Inflammatory bowel disease (IBD) is a chronic inflammatory condition affecting the digestive tract that can cause symptoms like diarrhea, abdominal pain, nausea, and fatigue. There are many ways people living with IBD can manage their symptoms and improve their quality of life. Medications to help treat IBD and manage its symptoms, such as aminosalicylates, immunomodulators, corticosteroids, antibiotics, and biologic therapies are the most important part of the IBD treatment plan. They are treatments that are scientifically proven to have an effect on the disease and its symptoms.
In addition to medications, many people living with IBD also use complementary and alternative treatment options to manage their symptoms. While these therapies have not been proven to treat the underlying disease, they can be helpful for some people with IBD. One commonly used type of complementary therapy is the use of relaxation techniques. There is no scientific proof that stress plays a role in the causation of IBD, and no one develops Crohn's disease or ulcerative colitis because they are a stressed out person.1 However, having a chronic condition like IBD can be stressful, and taking steps to help relieve stress can often be beneficial.
What are relaxation techniques?
Relaxation techniques are specific practices aimed at producing the body’s natural relaxation response.2 When the body is naturally relaxed breathing will slow down, blood pressure will lower, and the mind will be more at ease. This is the ultimate goal of relaxation techniques. There are a number of different types of relaxation techniques, including but not limited to:
Meditation is a practice of turning one’s attention inward and calming the mind. There are many different forms of meditation, some include meditative movements such as tai chi or yoga.
Guided imagery is a practice where the participant turns their attention and focus toward pleasant images in place of negative or stressful feelings. This can be practiced alone, led by a recording, or led by a practitioner.
Progressive relaxation, also known as Jacobson relaxation, is the practice of drawing awareness to various muscles throughout the body by tightening them and then releasing tension and stress in those areas by actively relaxing them.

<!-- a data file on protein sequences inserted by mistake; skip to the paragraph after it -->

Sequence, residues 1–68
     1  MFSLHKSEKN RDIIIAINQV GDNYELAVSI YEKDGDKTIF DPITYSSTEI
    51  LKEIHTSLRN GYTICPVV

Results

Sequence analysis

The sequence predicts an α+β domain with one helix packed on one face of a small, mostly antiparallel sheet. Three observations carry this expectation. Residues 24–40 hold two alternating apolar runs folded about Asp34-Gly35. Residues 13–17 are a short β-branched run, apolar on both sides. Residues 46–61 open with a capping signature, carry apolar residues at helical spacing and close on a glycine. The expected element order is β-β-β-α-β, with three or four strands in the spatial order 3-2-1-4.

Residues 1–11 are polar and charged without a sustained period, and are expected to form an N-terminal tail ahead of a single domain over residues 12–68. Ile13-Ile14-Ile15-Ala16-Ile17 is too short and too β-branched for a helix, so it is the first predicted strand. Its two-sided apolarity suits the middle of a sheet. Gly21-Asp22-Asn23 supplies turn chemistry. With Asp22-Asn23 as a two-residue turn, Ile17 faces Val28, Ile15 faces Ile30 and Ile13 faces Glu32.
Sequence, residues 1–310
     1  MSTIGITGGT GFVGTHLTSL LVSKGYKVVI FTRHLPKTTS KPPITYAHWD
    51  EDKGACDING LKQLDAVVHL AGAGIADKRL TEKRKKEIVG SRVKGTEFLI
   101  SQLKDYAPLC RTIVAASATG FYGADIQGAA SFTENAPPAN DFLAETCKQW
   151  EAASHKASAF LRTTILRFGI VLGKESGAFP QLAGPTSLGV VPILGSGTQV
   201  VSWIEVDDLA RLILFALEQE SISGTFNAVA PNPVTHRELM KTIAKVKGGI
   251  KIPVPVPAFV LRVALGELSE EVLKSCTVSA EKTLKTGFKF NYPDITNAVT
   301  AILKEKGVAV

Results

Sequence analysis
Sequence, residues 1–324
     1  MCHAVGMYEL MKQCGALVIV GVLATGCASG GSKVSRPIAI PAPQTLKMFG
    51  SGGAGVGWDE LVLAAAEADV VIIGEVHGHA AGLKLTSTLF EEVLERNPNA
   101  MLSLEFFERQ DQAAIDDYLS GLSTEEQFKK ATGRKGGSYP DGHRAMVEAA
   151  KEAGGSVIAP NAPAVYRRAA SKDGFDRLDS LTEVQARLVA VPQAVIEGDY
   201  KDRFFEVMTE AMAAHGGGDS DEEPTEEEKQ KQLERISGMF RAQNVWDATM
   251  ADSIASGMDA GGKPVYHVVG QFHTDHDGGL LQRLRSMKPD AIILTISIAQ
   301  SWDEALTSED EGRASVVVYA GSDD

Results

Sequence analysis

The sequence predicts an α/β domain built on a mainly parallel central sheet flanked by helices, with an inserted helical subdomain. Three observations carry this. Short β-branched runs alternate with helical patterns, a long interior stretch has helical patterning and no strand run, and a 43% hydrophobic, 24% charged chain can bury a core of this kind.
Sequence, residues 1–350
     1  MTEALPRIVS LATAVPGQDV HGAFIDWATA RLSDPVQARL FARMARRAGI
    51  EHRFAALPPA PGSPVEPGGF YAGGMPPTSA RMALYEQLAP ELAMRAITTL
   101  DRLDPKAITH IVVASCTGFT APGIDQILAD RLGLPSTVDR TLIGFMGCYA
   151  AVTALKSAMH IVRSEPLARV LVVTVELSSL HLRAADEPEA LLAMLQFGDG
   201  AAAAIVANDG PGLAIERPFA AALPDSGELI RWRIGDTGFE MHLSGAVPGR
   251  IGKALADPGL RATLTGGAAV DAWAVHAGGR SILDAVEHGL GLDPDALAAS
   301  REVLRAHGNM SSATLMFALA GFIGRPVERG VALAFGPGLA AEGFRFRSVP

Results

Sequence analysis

Breathing exercises are often combined with different forms of meditation. The goal is typically to focus your awareness on the breath and actively slow the breath down by taking long deep inhales and slow drawn out exhales.
Self-hypnosis is often taught by a hypnosis instructor. The aim is to produce a relaxation response when prompted by a specific phrase or non-verbal cue.
What are the benefits of using relaxation techniques?
For some people, using relaxation techniques can help to reduce stress and promote an overall sense of well-being.3 Their use has been suggested to have a number of benefits including:
- Improving concentration, overall mood, and sleep quality
- Lowering fatigue, blood pressure, and heart rate
- Reducing levels of stress hormones and feelings of anger and frustration
- Reducing muscle tension and chronic pain
- Boosting confidence to handle problems3
How might relaxation techniques help people with IBD?
It has been observed that some people with IBD may experience symptom flare-ups during times of high stress.1,4 Also, symptom flare ups can also cause stress to rise in some patients with IBD.1 Finding ways to manage stress can be a way to help manage symptoms associated with IBD. Relaxation techniques can be a good way for some people to manage stress in general, even if it is not related to symptom flare-ups.
What are contraindications associated with relaxation techniques?
Relaxation techniques are generally considered to be safe for most people.1 There have been some rare occasions where people report having more anxiety after practicing relaxation techniques. It is important to find a technique that will work for you. If you begin to experience unpleasant effects, immediately stop the practice and speak with a healthcare provider before continuing.